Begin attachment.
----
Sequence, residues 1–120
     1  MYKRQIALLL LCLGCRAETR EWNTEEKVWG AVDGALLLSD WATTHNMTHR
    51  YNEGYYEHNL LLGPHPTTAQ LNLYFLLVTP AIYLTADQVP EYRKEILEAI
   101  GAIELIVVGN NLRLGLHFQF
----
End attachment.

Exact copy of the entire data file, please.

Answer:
Sequence, residues 1–120
     1  MYKRQIALLL LCLGCRAETR EWNTEEKVWG AVDGALLLSD WATTHNMTHR
    51  YNEGYYEHNL LLGPHPTTAQ LNLYFLLVTP AIYLTADQVP EYRKEILEAI
   101  GAIELIVVGN NLRLGLHFQF